I had been mulling over a blog by Harry Fletcher-Wood for awhile. In it he described how one of his Key Stage 3 classes would spend time in the lesson matching events to dates to gain a chronological overview of 2000 years of history. Then I read Michael Fordham’s blogpost ‘Why should students learn dates?’ where he argued convincingly that being good at history required ‘a strong grip on dates and chronology’ and decided I needed to take this more seriously. I had largely left this up to the students to address with some guidance on using mnemonics to help remember them such as the Dominic System, but it was clear to me that this was not enough.
Another point that struck a chord with me was the statement that dates are the grammar of history (I think this is from Daisy Christodolou). That knowing them is as important as knowing the rules about using semi-colons, commas and structuring sentences. This idea also connected with another area I was exploring: the importance of schemas in helping us absorb new things, like a web of knowledge that other associated or related knowledge can build onto. By knowing the key dates the students would establish a chronological framework, which would be their schema to catch associated knowledge as we delved more deeply into each of the events and issues. This also reminded me of a course I was on many years ago when Jamie Byrom talked about ‘gist before list’; in other words, giving the students the outline before going into depth.
As all these things started to converge in my mind I decided to give Harry’s idea a go. I decided to start with my Year 11 IGCSE class. The exam they sit requires them to put 5 events in chronological for each of the two parts they have to answer on Paper 1. Each question is worth 3 marks, adding up to 6 if they get them right and taking them more than half the way to another grade. Just for that reason it seemed worth giving it a go. However, dates were often very scarce in their extended written work and often a limited chronological awareness would diminish the quality of some of the stronger student’s essays. Additionally, I was hopeful it would have a significant impact on the written work of all students as in Michael Fordham’s words ‘One cannot explain the causes or consequences of an event if one does not know if one thing happened before or after another’.
They were about halfway through the Superpower relations unit, when I introduced them to this set of events which they read over, cut up and attempted to put back together. I gave them 10 minutes to match the date with the event, which they didn’t quite manage to do, but were challenged to do it next time. At that point we moved onto the specific focus of the lesson. The next lesson we got them out again and this time everyone improved from the last lesson. I didn’t do this every lesson because I wanted to allow some forgetting to set in, which is something that is stressed in ‘Make it Stick’ and ‘How we Learn’. Roediger et al and Carey, drawing from research in cognitive science, explain that forgetting is the friend of remembering as when retrieval practice is spaced it allows some forgetting making for stronger long term retention. This seemed to pay dividends as the times in which they were able to complete the task dropped dramatically even when I allowed more than 10 days between attempts.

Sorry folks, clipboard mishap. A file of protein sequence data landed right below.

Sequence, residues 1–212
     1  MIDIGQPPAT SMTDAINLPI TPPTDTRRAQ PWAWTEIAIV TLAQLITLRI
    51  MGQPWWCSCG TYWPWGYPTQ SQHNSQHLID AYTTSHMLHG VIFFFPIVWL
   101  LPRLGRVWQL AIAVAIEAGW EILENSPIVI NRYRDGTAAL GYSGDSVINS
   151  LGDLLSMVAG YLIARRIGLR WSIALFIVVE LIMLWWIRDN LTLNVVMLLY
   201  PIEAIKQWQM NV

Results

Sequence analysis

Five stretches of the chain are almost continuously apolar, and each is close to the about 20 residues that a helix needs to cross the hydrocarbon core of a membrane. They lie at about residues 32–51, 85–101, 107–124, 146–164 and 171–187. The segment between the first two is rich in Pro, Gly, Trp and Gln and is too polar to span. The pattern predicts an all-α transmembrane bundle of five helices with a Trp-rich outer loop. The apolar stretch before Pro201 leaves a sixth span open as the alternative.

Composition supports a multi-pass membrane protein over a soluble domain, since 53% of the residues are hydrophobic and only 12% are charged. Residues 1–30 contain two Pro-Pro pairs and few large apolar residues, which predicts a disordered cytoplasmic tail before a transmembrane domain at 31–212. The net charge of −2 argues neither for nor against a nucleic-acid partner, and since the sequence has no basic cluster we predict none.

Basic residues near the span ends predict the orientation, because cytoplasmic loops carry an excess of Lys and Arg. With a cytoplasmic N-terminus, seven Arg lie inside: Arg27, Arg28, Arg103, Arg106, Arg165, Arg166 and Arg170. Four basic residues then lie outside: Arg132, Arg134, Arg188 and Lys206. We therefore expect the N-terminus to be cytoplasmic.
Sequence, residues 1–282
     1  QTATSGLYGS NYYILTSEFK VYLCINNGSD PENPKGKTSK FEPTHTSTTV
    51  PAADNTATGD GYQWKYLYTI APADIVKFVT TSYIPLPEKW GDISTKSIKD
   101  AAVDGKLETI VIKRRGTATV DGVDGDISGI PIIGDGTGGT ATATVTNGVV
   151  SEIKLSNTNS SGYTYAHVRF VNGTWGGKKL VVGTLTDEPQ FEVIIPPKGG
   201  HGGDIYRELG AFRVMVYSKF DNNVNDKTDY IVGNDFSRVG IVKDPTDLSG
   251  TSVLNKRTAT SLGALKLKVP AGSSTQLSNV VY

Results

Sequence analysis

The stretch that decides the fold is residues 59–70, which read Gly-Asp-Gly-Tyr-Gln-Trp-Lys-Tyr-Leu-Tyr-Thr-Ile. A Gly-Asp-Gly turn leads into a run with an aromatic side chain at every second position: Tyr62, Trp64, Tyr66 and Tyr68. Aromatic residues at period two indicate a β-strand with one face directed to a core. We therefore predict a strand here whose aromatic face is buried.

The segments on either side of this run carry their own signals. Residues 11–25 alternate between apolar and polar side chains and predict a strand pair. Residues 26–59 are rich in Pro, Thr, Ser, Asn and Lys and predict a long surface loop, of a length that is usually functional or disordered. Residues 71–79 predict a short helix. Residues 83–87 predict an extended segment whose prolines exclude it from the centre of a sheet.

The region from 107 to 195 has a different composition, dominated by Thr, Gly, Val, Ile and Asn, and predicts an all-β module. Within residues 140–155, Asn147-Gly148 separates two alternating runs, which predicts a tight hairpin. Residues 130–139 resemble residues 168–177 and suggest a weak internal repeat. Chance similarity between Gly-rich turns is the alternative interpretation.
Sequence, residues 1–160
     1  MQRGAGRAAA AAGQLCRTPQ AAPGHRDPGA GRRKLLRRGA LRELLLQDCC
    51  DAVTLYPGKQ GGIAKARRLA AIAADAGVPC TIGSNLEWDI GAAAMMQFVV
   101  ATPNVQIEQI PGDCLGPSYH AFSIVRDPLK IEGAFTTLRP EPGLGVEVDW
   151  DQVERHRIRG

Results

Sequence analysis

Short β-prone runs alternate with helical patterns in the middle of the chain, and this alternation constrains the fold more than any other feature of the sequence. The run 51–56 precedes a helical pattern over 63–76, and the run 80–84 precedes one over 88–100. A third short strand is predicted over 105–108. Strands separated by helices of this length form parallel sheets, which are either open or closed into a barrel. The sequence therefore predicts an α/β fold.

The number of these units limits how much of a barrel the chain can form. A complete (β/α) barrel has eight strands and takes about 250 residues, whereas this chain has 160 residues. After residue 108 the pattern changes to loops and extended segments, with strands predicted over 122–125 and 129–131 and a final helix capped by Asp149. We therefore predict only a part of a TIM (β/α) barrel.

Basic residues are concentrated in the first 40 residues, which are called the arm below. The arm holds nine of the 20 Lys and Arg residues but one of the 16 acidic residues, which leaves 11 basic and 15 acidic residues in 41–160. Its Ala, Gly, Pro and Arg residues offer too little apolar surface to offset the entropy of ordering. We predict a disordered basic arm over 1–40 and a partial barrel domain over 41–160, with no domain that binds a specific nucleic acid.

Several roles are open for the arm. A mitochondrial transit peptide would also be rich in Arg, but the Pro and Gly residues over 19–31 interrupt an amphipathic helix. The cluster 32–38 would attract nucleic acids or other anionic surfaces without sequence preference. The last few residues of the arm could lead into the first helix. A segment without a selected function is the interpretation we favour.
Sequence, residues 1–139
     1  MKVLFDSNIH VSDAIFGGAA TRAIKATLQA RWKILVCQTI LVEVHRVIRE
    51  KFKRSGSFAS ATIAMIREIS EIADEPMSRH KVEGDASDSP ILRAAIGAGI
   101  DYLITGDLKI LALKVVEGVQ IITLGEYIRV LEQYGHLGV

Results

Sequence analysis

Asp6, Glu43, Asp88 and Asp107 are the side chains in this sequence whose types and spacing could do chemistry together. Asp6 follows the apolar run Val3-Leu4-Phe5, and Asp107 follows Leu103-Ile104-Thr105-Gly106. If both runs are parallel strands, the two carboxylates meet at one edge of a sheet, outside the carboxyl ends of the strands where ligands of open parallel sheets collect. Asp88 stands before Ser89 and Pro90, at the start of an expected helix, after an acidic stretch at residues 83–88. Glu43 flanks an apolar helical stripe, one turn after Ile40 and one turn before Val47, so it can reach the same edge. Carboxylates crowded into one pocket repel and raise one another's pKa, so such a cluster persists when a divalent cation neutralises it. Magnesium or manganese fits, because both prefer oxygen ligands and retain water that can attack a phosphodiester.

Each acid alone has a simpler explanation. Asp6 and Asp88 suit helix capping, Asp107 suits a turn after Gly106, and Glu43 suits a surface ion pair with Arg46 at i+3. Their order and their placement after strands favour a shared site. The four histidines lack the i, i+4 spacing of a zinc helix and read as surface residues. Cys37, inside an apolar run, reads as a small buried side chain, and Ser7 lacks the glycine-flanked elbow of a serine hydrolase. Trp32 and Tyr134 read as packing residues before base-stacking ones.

Additionally, and more importantly, specific and precise dates started to make an appearance in the extended written work of the class and the overall grasp of the chain of chronology was clearly improving. However, the thing that surprised me the most is the conversations they were having when they were completing the task – which, in some ways, took me by surprise. It wasn’t just recall, such as ‘this goes with’, it was language laden with connections and links revealing a developing and deepening chronological awareness. This is particularly useful for the Cold War as they need to have an accurate grasp of how it develops from 1945 onwards. So, the conversations were more rational and logical as students said things like ‘this can’t be that because Stalin hadn’t done this yet…’ ‘the Marshall plan can’t be in 1949 because it was one of the reasons for the Berlin Crisis which is before then…’. In short, the level of discourse was of a much more intellectual level than I had expected.
The impact of the task is still yet to put to the test of the summer exams, but the signs are promising. Student discussion has reached more sophisticated levels as they are now making more connections that knowing the order of the key events has enabled them to do. Their confidence levels have risen as they now feel assured that at least 6 points are a ‘gimmee’ in the exam. I also introduced this task to my IB class with similar pleasing results, and in some ways more impact. For example, we study a unit on Russia from 1855-1924 which involves a lot of content, which can recede into the distance as we get closer to the death of Lenin. The chronology match up ensured that this didnt happen as they were periodically retrieving information about Tsar Alexander II, Alexander II and Nicholas II even when we had moved onto the Bolsheviks. It also highlighted to trends in Russian history, which they picked up on without any hints from myself, such as the fluctuating experiences of the peasants.
I do wonder what a visitor to my classroom would make of this task. Casual observance would leave the visitor with a superficial view of the task, something they may view as a low order activity and maybe even lacking in rigor. But, the more they do it, the deeper they embed the dates and events, the richer the conversations become as they start to connect and analyze. It goes to show that Bloom’s taxonomy is misleading: without a deep and rich array of knowledge ‘remembered’ analysis and evaluation is superficial at best.